If these three responses to the march are lacking somehow, what might be done differently in the future? Allow me to make a few suggestions, and in so doing invite others into a conversation and a strategization process.
First, we must acknowledge people’s fear. Some or many who participated in and supported the march may be prejudiced against Muslims. But many times such prejudices are related to real fears. If we can acknowledge and address the fears we’ve taken a significant step in rehumanizing the marchers beyond bigots and Islamophobes, and in feeling and understanding their motivations.
Second, we need to account for the particular moral foundations in play. All human beings have various psychological moral foundations that they draw upon as they view and act within the world. Research in social psychology by those like Jonathan Haidt reveals that conservatives emphasize different moral foundations. So while liberals emphasize care and fairness, and thus are more likely to oppose the March Against Sharia out of concern for Muslims, conservatives emphasize loyalty, authority, and purity. For conservatives the emphasis on these foundations means that Muslims are often seen as anti-American (loyalty), anti-constitutional because of a desire for sharia (authority), and they are feared as a contaminant that threatens the cleanliness of the nation (purity).[vi] When we account for the particular moral lenses through which the anti-sharia marchers view Islam then we will be better able to understand them, and frame our responses in ways that account for their moral foundations and challenge them to broaden their psychological and conceptual horizons.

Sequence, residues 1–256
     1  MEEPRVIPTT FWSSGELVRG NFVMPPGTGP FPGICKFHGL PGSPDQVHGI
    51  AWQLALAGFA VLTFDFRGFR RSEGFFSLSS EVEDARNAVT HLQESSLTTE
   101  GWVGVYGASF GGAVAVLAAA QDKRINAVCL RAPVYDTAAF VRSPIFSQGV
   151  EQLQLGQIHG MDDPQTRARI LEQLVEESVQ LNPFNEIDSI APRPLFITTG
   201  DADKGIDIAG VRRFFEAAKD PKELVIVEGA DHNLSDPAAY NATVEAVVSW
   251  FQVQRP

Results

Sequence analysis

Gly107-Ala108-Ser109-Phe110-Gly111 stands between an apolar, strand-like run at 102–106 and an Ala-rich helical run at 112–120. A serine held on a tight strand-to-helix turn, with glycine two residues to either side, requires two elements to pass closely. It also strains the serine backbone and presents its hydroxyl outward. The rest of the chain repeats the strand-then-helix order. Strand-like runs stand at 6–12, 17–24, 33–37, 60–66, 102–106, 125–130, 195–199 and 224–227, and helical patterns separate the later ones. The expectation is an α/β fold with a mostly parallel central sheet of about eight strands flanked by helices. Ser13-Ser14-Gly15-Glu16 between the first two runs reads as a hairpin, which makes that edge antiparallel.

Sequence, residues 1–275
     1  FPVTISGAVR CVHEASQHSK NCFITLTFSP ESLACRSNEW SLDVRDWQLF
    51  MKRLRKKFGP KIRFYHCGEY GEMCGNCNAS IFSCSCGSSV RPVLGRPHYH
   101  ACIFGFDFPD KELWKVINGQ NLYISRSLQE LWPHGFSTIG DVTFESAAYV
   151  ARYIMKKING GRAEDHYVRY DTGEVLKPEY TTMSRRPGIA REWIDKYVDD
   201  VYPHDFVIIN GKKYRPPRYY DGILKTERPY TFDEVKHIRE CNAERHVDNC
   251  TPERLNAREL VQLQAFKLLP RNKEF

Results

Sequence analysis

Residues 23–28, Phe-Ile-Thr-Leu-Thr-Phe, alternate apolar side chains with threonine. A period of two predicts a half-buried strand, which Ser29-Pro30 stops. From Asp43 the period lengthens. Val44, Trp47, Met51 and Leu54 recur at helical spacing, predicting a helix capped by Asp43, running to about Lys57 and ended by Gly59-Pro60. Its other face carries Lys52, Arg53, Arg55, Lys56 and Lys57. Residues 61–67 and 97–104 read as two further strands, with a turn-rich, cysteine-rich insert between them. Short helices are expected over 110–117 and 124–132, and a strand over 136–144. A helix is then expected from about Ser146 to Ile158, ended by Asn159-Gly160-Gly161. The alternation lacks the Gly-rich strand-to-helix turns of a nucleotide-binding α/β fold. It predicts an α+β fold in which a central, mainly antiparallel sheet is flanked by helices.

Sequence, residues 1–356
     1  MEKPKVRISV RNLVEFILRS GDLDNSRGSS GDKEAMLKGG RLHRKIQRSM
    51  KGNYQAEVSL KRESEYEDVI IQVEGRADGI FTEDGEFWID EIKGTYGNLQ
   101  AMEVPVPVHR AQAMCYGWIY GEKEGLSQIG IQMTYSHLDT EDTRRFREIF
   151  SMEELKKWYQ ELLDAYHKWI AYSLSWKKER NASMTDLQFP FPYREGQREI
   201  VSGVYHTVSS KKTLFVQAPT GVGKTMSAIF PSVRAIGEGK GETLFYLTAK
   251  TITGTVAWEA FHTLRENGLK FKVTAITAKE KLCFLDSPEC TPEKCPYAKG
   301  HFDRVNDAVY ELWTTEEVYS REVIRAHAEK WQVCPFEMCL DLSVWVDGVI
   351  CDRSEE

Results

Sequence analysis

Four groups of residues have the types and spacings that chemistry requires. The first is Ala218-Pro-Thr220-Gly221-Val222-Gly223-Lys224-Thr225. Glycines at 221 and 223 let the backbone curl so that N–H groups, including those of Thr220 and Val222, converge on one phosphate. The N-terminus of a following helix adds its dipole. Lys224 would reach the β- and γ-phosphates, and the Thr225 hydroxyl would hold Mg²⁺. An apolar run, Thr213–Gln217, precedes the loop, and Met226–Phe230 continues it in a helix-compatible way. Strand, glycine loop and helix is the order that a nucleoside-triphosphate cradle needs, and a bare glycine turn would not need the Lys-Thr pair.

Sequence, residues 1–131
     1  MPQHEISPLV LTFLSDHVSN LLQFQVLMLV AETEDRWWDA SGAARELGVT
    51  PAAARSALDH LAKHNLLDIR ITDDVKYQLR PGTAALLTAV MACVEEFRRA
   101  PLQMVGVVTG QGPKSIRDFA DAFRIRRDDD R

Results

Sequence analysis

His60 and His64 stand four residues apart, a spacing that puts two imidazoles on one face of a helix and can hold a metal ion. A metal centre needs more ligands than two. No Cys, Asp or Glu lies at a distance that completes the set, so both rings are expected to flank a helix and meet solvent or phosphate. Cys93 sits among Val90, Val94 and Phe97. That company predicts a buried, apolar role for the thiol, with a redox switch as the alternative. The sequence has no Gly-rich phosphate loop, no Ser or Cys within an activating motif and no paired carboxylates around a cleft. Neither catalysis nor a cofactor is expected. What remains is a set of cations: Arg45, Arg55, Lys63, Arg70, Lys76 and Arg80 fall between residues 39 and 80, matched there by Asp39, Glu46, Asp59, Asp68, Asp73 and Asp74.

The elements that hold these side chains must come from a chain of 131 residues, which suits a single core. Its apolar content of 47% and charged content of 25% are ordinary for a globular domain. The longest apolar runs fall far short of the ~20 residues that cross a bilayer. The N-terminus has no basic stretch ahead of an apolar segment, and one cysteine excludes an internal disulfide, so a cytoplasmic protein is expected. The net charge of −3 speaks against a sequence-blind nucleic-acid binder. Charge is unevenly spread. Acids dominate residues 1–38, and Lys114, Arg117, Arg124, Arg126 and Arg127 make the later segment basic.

Third, we need to work through the emotions before appealing to reason. Another helpful lesson from social psychology is an understanding of the relationship between emotions and reason in our cognition. Again according to Haidt, “emotions are a kind of information processing.” It works in concert with the reasoning portion of our cognitive processes, with emotion and intuition taking the lead. Haidt uses the metaphor of a rider sitting on an elephant. The rider is reason and the elephant is our intuitions formed through emotion. According to Haidt’s research, “intuitions come first; strategic reasoning second.” Looking to the metaphor, if the elephant wants to go its own way, the small rider will have a very difficult time pulling it the way he or she wants it to go. Returning to Haidt, what this means beyond the metaphor is that, “You can’t change people’s minds by utterly refuting their arguments.” This is because emotion and moral intuition are leading the way, and reason is legitimizing what is already intuited. In light of this psychological state of affairs in application to education and persuasion efforts for the March Against Sharia and others fearful of Islam, we should take steps to account for the moral intuitions of others with whom we disagree, work through them, and seek to “elicit new intuitions, not rationales.” If we are successful in facilitating new intuitions we will have an opportunity for more fruitful educational opportunities.
Of course, a lot more needs to be included in a long-term strategy to facilitate social change in people so as to help a significant number of Americans, including evangelicals, develop more positive views of Islam. But the three ideas above will hopefully get the conversation started about how we might add new tools to our toolkit. I hope those involved in interfaith, multi-faith engagement, and peacemaking will join me.